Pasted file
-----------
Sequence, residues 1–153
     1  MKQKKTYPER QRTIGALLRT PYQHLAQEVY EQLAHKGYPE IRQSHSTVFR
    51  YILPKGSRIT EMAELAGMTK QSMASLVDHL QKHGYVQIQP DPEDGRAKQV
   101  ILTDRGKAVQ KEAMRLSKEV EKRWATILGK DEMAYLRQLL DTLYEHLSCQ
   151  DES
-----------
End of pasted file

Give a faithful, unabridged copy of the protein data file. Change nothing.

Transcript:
Sequence, residues 1–153
     1  MKQKKTYPER QRTIGALLRT PYQHLAQEVY EQLAHKGYPE IRQSHSTVFR
    51  YILPKGSRIT EMAELAGMTK QSMASLVDHL QKHGYVQIQP DPEDGRAKQV
   101  ILTDRGKAVQ KEAMRLSKEV EKRWATILGK DEMAYLRQLL DTLYEHLSCQ
   151  DES